Trademarks: dos and don’ts

April 4, 2012

Pastry chefs discover that registering a trademark provides numerous benefits.Trademarks are often considered a business’s most valuable asset, far outweighing the value of manufacturing facilities, machinery or equipment. There are business owners who recognize this and take the protection of their trademarks seriously and there are those who don’t.

I recently came across this news article, which demonstrates these two extremes. The article is about two small business owners using the same name for similar services.  One owner took the time to register her trademark and protect her brand. The other owner started her business without the expert advice and research recommended to move forward with use of a trademark. 

According to the news article, Stephanie Pick first opened her Queen of Tarts pastry shop in Toronto, Ontario, in 1998. On the advice of her businessman father, who felt it was essential she protect her brand, the trademark Queen of Tarts was registered. 

Small business owner, Linda Kearney, decided to put her life savings into opening a new café in Edmonton, Alberta. Her granddaughter came up with a clever name for her new business. Unfortunately, three months after she opened up her Queen of Tarts café Mrs. Kearney found herself in a legal nightmare with Ontario pastry chef Stephanie Pick. The Federal Court, in a default judgment, ordered Mrs. Kearney to pay Ms. Pick damages for trademark infringement in the amount of $10,000.00, plus court costs. She also had to cease using the trademark Queen of Tarts.

The legal situation these business owners found themselves in makes obvious three things: (1) there are benefits to registering a trademark; (2) there is value in hiring an expert to assist you; and (3) there is worth in trademark searching. 

Many times clients have enquired whether a trademark search is necessary before they apply for a trademark registration, or use a mark. In most instances my answer is yes. Although searches are optional, they are generally recommended. The cost of the search is often far less than the cost to later change the mark, if it is determined that there exists a prior user in a related field. Mrs. Kearney, regrettably, learned this the hard way. 

Had Mrs. Kearney requested a trademark search from a registered trademark agent or trademark lawyer, she could have avoided the legal nightmare she found herself in three months after opening shop. She could also have avoided the costs she incurred in doing so. A proper trademark search would have disclosed that the trademark Queen of Tarts was owned by Ms. Pick. This should have dissuaded Mrs. Kearney from moving forward with that name. Instead, Mrs. Kearney is required to transition to a new name and shell out the costs associated with this transition. 

I often have clients ask me whether or not they could perform their own search or file their own application. The answer is yes, but like any industry, if you are not an expert in the field it is not recommended you do it on your own. A registered trademark agent is a professional who has been apprenticed, examined, and approved by the Trademarks Office to represent trademark applicants and registrants. A registered trademark agent can save business owners time and money by avoiding problems caused by issues like a poorly prepared application or inadequate research.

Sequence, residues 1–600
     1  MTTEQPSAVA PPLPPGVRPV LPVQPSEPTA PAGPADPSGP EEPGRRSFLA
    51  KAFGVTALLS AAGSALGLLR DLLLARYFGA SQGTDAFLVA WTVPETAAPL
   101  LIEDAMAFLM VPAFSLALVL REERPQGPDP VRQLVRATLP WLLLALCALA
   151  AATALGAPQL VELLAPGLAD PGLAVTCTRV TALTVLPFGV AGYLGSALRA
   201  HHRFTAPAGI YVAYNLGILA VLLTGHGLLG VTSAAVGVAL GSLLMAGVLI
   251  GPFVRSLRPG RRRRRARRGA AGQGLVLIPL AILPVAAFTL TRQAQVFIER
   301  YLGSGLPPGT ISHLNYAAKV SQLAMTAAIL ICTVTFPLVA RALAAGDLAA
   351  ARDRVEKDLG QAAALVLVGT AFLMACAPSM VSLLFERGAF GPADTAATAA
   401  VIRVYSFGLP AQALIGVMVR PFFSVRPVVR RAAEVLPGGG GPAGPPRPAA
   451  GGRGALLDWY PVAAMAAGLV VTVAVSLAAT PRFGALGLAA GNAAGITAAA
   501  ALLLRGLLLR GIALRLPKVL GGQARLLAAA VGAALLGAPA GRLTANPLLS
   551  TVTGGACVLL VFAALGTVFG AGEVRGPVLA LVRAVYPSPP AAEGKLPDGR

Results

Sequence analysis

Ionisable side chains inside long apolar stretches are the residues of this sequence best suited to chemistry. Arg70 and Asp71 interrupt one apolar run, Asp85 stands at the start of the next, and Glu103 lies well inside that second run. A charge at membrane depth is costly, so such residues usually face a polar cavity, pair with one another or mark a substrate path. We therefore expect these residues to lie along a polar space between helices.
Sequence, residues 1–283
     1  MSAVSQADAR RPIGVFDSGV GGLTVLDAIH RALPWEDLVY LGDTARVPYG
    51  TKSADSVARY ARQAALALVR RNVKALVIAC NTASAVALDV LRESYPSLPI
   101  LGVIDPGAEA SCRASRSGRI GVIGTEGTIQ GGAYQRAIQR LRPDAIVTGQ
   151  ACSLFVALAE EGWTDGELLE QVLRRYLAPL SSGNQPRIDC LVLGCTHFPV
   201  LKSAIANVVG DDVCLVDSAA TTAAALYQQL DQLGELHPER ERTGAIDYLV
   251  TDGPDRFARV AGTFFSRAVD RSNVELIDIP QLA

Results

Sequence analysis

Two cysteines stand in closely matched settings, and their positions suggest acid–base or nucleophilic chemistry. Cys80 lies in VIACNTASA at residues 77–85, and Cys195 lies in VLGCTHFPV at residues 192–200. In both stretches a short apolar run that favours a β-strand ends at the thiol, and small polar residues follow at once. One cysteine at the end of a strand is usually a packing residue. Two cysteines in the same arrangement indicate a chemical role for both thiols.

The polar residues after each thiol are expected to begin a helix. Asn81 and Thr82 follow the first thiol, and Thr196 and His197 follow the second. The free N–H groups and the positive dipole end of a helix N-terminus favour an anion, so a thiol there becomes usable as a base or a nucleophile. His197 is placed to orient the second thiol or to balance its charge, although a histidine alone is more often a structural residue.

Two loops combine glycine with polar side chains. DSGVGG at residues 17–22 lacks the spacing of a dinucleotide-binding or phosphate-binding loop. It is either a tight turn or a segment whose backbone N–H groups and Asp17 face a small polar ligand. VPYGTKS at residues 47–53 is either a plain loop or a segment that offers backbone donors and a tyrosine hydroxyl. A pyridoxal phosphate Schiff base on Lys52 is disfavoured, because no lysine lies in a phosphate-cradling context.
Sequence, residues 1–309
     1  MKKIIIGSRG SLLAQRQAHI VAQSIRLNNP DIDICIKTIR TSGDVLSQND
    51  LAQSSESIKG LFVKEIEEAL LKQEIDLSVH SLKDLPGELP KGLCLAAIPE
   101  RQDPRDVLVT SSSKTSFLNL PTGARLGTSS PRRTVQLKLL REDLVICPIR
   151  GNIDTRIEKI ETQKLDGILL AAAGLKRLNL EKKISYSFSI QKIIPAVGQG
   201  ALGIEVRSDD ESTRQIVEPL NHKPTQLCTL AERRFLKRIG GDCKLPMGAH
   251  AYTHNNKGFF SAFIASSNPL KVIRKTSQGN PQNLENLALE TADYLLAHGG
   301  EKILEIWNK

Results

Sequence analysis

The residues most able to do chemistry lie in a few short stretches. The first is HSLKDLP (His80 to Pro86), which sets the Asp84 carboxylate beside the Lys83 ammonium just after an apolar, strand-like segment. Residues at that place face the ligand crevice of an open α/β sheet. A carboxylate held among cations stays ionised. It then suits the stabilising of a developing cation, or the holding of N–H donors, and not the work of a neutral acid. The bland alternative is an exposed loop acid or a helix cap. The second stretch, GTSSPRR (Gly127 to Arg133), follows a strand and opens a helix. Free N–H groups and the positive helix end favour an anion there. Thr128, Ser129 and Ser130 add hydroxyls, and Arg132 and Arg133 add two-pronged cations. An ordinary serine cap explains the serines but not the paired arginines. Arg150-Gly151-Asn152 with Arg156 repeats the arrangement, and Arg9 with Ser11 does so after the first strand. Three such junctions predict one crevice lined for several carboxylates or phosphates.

Had Mrs. Kearney sought the services of a registered trademark agent, she would have likely been directed to do a search.  The search would have revealed the existence of Ms. Pick’s trademark registration and she would have been advised to come up with a new name.  Instead, she now finds herself with the expense of having to change her business name and re-brand, not to mention the fees in damages and court costs. 

Ms. Pick, on the other hand, took the time to hire an expert to assist her with the registration and protection of her mark. This small investment clearly paid off as she was able to assert her rights and protect her brand.

Many clients I come across are under the mistaken belief that registering their trade name with the Registrar of Companies, or incorporating their business provincially or federally affords them all-encompassing rights in that name, including trademark rights. Unfortunately, this is not the case. What many people do not realize, as appears to be the situation for Mrs. Kearney, is that federal trademark registration is often superior to federal or provincial company registration.

One of the main benefits of trademark registration is protection of the mark throughout Canada, regardless of where the mark is being used. Although Ms. Pick’s use of her trademark was limited to the province of Ontario, her rights in the trademark were not. As a result she was able to stop Mrs. Kearney from using the trademark Queen of Tarts in Alberta. 

As well, having a registered trademark provided Ms. Pick the right to sue for trademark infringement before the Federal Court. Ms. Pick was not required to establish a reputation in her trademark. In fact she had temporarily stopped using the mark. Registration of the mark, Queen of Tarts, was evidence enough for her to successfully assert her rights.

As noted above, and as demonstrated in the Queen of Tarts case, there are obvious benefits to registering a trademark, there is definitely value in hiring an expert to assist you and there is undoubtedly worth in trademark searching. Any business that advertises services or sells products under a distinctive mark should consider protecting that mark with trademark registration. In today’s marketplace, branding is essential and protection should be too.

 

 

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